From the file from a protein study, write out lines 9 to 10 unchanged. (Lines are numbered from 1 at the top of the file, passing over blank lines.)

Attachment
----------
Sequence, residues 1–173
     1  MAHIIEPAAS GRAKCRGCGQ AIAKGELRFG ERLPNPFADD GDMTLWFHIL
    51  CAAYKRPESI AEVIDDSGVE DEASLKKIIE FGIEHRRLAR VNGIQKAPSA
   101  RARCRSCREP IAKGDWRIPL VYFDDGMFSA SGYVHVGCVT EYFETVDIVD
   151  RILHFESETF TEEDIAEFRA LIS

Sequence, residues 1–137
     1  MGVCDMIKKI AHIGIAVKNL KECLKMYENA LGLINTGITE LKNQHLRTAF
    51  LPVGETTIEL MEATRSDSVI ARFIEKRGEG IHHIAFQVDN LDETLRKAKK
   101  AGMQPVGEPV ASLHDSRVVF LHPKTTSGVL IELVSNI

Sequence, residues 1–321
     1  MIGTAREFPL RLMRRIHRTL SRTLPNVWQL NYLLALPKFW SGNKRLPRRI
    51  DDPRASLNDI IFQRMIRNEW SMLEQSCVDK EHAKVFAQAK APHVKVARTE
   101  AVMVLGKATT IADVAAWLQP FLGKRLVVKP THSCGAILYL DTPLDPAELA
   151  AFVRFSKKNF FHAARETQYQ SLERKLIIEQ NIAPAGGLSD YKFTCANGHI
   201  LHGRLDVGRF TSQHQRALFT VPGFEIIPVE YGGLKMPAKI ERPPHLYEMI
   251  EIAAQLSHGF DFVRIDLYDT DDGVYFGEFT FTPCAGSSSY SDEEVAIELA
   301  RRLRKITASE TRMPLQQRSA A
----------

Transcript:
   101  AGMQPVGEPV ASLHDSRVVF LHPKTTSGVL IELVSNI

Sequence, residues 1–321